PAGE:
This Day in History 1/25: Idi Amin takes power in Uganda

At first, many thought that the jolly general from the King’s African Rifles was a droll African joke.

Today, few are laughing about him.

On January 25, 1971, Idi Amin deposed president Milton Obote to become Uganda’s most notorious leader.  A veteran of the British colonial forces, Amin’s delusions, his lust for riches and power, and especially his brutality would create a figure both fascinating and horrifying in the public imagination.

In a nutshell, Amin was a stone cold bad guy.  Estimates range from 100,000 to 500,000 deaths during his eight-year regime from 1971-1979.  His wrath spread to ethnic minorities, Asians (whom Amin expelled in 1972 amid an ill-conceived program of reappopriation), religious leaders, journalists, artists, senior bureaucrats, judges, lawyers, students and intellectuals, criminal suspects, foreign nationals, and pretty much anyone who stood in his way.

How did he dispatch so many people at will?  Don’t ask.

Amin was also fond of pissing off pretty much everybody.  An early supporter of the United States and Israel, he did an abrupt about-face in 1972, siding with Muammar Quaddafi’s Libya, the Soviet Union, and East Germany, which supplied arms and helped in interrogation and torture.  The expulsion of the Ugandan Asians didn’t sit well with India, which severed relations with Uganda, as did Great Britain.  By 1973, even the US had to jump ship.

This, of course, didn’t prevent Amin from taking top billing in a notorious international incident.  In 1976, Amin allowed an Air France airliner hijacked by two members of the Popular Front for the Liberation of Palestine – External Operations (PFLP-EO) and two members of the German Revolutionäre Zellen to land at Entebbe Airport.  Once landed, the non-Jewish hostages were released, and another 103 hostages were held at the airport.  Amin took to the cameras to play the diplomat, but Israel wasn’t fooled.  A group of Israeli commandos seized the airport and freed all the hostages, killing seven hijackers and 45 Ugandan troops.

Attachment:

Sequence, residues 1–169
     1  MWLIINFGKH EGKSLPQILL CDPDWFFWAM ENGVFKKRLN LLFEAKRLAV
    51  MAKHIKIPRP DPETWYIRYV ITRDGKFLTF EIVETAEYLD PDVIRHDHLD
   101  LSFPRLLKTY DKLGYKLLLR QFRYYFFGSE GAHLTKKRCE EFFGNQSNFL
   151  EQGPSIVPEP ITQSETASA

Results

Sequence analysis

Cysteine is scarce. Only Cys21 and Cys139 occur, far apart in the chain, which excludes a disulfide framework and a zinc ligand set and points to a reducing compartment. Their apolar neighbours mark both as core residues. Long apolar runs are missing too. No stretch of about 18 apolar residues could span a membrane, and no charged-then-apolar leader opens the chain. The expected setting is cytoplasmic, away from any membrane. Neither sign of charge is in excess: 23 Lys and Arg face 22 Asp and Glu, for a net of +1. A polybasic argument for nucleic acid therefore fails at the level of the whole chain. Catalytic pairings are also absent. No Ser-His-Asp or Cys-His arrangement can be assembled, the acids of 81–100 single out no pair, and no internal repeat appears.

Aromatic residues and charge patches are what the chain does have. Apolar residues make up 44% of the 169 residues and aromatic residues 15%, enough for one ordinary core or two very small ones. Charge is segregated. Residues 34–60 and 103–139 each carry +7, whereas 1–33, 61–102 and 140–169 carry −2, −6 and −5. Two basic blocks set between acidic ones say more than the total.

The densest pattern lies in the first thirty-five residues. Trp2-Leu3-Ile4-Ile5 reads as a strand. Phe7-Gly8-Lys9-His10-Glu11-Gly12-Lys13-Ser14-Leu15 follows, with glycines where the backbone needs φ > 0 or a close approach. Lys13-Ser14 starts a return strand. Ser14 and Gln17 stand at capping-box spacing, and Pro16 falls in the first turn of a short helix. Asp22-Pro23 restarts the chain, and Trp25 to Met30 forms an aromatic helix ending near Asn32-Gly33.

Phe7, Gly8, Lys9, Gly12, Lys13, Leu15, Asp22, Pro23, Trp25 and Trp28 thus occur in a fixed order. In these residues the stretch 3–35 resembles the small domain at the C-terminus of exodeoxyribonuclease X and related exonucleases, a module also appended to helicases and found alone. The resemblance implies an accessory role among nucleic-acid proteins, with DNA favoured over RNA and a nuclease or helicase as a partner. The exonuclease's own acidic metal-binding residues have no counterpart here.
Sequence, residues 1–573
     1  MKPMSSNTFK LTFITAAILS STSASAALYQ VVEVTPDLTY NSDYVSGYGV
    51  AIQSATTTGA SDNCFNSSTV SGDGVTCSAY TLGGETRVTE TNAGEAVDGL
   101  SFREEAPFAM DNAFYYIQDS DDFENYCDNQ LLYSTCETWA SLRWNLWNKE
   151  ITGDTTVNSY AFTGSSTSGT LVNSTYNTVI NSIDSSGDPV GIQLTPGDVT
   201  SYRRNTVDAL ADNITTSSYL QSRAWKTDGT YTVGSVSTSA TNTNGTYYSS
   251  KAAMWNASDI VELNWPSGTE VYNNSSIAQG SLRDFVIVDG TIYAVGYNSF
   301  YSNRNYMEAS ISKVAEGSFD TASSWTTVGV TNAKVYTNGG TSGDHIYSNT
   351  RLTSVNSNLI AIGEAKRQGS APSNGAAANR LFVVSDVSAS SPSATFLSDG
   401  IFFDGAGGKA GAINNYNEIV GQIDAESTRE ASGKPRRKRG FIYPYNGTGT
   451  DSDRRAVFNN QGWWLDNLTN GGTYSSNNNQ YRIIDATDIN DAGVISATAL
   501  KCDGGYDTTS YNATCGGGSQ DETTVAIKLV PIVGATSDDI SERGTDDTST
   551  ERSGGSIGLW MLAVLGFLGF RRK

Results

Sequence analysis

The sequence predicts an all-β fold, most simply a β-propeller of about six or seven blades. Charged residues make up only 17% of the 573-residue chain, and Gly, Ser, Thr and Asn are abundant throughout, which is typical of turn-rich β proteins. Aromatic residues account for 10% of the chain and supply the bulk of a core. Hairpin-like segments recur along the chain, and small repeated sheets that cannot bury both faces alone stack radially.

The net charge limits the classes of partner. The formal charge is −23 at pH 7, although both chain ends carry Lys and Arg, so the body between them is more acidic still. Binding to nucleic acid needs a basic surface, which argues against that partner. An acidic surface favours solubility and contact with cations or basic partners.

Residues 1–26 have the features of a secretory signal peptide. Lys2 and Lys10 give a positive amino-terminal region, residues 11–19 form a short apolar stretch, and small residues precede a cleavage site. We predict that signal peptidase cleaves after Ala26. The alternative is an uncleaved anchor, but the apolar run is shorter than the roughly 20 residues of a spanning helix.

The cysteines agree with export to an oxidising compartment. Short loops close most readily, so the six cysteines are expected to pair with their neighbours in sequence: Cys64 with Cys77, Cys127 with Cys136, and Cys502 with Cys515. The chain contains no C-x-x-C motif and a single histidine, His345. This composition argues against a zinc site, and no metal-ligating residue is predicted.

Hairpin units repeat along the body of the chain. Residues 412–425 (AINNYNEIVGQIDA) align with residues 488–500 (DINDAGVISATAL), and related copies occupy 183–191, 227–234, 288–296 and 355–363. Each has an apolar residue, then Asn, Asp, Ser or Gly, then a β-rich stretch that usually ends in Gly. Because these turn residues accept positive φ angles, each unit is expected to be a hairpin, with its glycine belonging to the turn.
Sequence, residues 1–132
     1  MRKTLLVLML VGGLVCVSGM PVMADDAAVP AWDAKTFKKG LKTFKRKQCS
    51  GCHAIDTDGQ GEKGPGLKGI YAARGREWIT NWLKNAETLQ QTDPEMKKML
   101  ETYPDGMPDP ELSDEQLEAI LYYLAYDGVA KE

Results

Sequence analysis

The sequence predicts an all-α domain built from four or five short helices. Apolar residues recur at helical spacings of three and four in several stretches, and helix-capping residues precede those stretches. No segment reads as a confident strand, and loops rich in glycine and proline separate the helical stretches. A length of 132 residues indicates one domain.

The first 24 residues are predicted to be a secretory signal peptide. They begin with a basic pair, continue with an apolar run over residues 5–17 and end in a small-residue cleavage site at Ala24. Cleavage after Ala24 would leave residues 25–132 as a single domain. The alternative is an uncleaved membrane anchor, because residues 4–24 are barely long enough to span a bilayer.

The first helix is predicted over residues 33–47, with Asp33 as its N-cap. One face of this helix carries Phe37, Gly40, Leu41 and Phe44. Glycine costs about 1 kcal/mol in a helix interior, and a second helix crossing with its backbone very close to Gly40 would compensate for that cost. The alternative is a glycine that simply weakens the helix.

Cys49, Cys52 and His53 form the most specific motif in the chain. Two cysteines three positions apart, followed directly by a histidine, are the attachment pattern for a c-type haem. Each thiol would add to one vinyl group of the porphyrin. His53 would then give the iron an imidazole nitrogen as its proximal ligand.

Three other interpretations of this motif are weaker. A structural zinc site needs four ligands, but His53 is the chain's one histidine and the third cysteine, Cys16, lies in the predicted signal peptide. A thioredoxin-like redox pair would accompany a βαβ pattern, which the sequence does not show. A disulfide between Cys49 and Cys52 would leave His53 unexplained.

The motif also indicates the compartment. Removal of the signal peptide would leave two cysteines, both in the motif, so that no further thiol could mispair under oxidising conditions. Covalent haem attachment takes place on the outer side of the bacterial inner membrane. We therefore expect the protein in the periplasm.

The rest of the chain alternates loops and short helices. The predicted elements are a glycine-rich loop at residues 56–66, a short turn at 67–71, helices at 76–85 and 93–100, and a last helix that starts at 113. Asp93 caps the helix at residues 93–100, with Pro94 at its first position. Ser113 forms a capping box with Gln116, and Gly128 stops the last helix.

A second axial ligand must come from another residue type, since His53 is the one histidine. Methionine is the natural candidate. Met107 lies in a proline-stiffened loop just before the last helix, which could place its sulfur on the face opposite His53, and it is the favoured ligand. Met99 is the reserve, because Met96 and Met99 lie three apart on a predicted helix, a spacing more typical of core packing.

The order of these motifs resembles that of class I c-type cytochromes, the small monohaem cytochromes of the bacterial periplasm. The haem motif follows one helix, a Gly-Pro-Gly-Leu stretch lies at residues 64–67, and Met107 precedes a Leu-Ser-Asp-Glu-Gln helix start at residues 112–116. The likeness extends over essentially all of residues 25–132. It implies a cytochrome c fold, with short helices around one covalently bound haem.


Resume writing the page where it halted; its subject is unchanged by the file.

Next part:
As time went on, Amin would further dip into madness.  His official title became, “His Excellency, President for Life, Field Marshal Al Hadji Doctor Idi Amin Dada, VC, DSO, MC, Lord of All the Beasts of the Earth and Fishes of the Seas and Conqueror of the British Empire in Africa in General and Uganda in Particular” The VC, by the way, was the Victorious Cross, which he made up after the British Victoria Cross (The real VC).  His doctorate was one he conferred on himself.  He never got a real DSO (Distinguished Service Order) or an MC (Military Cross), but Amin was never one to worry about the facts.

He also didn’t have to worry about atoning for his sins, neither.

After he was deposed in 1979, Amin would first live in Libya, then Saudi Arabia.  The Saudis, in a twisted sense of generosity, bankrolled his sorry butt in order that he stay out of politics.  He lived out the rest of his days not feeling one ounce of remorse for what he did, right up to his death in 2003.

The attached film is a 1974 French documentary  named Idi Amin Dada.  It shows Amin at the height of his power, and you can almost taste the crazy coming off the screen.

WARNING: It’s probably too violent for classroom use.

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